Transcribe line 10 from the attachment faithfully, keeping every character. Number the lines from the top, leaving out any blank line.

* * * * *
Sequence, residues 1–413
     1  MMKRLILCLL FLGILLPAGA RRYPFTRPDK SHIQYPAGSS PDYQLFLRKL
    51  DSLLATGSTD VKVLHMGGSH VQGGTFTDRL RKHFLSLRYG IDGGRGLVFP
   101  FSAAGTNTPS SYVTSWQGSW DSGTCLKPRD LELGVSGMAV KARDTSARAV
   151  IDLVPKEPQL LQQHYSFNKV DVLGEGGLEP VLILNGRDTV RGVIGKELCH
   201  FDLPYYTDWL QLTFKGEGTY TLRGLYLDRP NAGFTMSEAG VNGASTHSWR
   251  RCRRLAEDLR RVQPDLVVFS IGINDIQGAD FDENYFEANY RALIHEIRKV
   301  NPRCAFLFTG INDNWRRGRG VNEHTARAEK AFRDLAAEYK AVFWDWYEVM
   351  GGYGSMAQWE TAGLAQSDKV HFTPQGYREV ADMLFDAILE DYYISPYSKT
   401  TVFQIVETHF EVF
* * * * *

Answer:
   401  TVFQIVETHF EVF